THE GALLIANO CLUB SERIES

 

In 1926, thanks to Prohibition, it’s hard to find a beer in Lido, New York. But murder, lies, love, and jealousy are all on tap at the Galliano Club.

The 3-book Galliano Club series is based on my grandfather’s tales from his time as Deputy Sheriff of Oneida County. The setting draws inspiration from my hometown of Rome, New York.

Meet bartender Luca Lombardo, dancer Ruth Cross, and the rest of the cast of the Galliano Club in my new historical mystery series.

 

Keep scrolling for books, photos, and behind-the-scenes inspiration.

 

Murder at the Galliano Club

 

MURDER AT THE GALLIANO CLUB

Luca Lombardo is the jack-of-all-trades at the Galliano Club, a hangout for Italian mill workers. The club is both home and family for Luca and he’ll do whatever it takes to keep it afloat, including staying silent about a murder.

From her apartment over the club, Ruth Cross witnessed the crime, but a scandalous past keeps her quiet.

Could hitman Benny Rotolo be involved? Run out of Chicago by Al Capone, Benny fled to Lido determined to establish his own bootlegging empire. Turning the Galliano Club into a speakeasy is Step 1.

The longer the murder at the Galliano Club goes unsolved, the bigger the trap of lies.

Who will get out alive?​

 

Blackmail at the Galliano Club

 

BLACKMAIL AT THE GALLIANO CLUB

The heat is on in Lido, New York, when blackmail letters land on the Galliano Club’s doorstep. The message is simple: Pay or die.

Explosions follow. Will the club burn before Luca Lombardo, the club’s jack-of-all-trades, figures out who is behind the threats?

Warning: Blackmail is contagious. Police officer Sean O’Malley uses Ruth Cross’s past against her to get what he wants. Chicago hitman Benny Rotolo dabbles in the extortion racket, too.

As blackmail terrifies everyone connected to the Galliano Club, murder may be the only way out.

Revenge at the Galliano Club

 

REVENGE AT THE GALLIANO CLUB

The body of a strangled woman is fished out of the Mohawk River near Lido, New York. With the help of Galliano Club members, she is identified as a waitress from Chicago.

Hanna Gorski travels to Lido, determined to find her sister’s killer. She’ll bring him to justice any way she can.

Luca Lombardo would help, but he’s in jail facing kidnapping charges. This is good news for Chicago hitman Benny Rotolo, who figures he can finally steal the Galliano Club and expand his bootlegging empire.

But Benny didn’t bargain on Hanna Gorski.

Neither did anybody else.

Inspiration for the setting

My hometown of Rome, New York, inspired the fictional city of Lido, the setting for the Galliano Club series. At the crossroads of the Erie Canal and the Mohawk River, Rome occupies a prime spot in upstate New York south of the Adirondack Park where the wealthy flocked to deluxe lodge hotels in the 1920’s.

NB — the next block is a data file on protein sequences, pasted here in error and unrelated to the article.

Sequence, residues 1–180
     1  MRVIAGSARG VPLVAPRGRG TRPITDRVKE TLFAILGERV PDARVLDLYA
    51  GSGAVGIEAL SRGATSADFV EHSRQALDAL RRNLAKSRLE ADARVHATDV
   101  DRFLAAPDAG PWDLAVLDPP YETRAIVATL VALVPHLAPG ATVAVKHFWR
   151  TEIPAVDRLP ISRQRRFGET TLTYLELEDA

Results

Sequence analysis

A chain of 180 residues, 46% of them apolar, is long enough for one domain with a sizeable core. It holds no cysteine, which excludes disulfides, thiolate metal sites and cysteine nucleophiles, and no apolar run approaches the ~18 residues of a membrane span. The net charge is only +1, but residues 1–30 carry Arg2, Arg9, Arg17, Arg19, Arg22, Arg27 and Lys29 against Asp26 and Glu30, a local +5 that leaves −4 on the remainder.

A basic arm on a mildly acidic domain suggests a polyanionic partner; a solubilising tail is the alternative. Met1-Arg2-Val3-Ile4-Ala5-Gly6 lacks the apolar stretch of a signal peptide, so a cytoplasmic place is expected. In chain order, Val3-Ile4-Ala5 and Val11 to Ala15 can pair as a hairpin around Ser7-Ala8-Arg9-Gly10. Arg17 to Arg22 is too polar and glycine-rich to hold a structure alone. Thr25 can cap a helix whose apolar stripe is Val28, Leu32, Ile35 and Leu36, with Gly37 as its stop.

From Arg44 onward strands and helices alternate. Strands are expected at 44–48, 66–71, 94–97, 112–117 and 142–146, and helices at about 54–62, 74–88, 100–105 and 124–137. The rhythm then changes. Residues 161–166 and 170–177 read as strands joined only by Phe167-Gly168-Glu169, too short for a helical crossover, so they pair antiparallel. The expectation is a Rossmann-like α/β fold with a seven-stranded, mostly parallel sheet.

Once upon a time, Rome supplied 10% of all copper used to build American’s electrical grids, telephone network, ship hulls and bridges. Immigrants from Italy and Poland provided the workforce. The city’s 5 Catholic churches met the needs of its rapidly expanding population.

Postcard of Rome 1919

Colorized postcard from 1919 showing the main thoroughfare of West Dominick Street. All the buildings were razed in the 1970’s to build a replica of Fort Stanwix.

 

Rome court house

The imposing courthouse in Rome, the seat of Oneida County, and the statue to Col. Peter Gansevoort, defender of Fort Stanwix during the Revolutionary War. When the British demanded his surrender, his reply began: “I reject with disdain.”

 

Trolley tracks in Rome, New York

Colorized postcard showing trolley tracks going up North James Street, a major street leading into downtown Rome.

 

Rome, NY circa 1921

In 1921, Rome was a bustling city. My grandparents had a collection of glass insulators from electrical poles.

 

Rome NY 1927 awaits Charles lindbergh

Draped in bunting to greet Charles Lindbergh after his historic flight across the Atlantic in 1927, Rome was so patriotic that a major intersection was known as the “American Corner.”

 

Rome NY hails Charles Lindbergh 1927

Cars lined the streets when Charles Lindbergh stopped in Rome as part of his barnstorming tour in the summer of 1927.

 

Copper City sign

Every night, lights over the bridge announced that 10% of all the copper used in the USA was manufactured in Rome, mostly thanks to the Revere Copper and Brass Rolling Mill.

 

Steeples in Rome NY

5 churches served Rome’s heavily Catholic blue-collar population.

 

 

The original Galliano Club still stands today

The original Galliano Club still stands today with its twin doors. I took tap dance lessons in the dance studio on the 2nd floor.

 

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Acknowledgments

At my induction into the Rome Arts Hall of Fame in 2019, I was asked if I would ever write a mystery set in Rome. And so I have, sort of.

My thanks go to Arthur Simmons III, Executive Director of the Rome Historical Society, James R. Guy, president of Rome’s historic Galliano Club, and the board of the Rome Arts Hall of Fame for putting ideas in my head.

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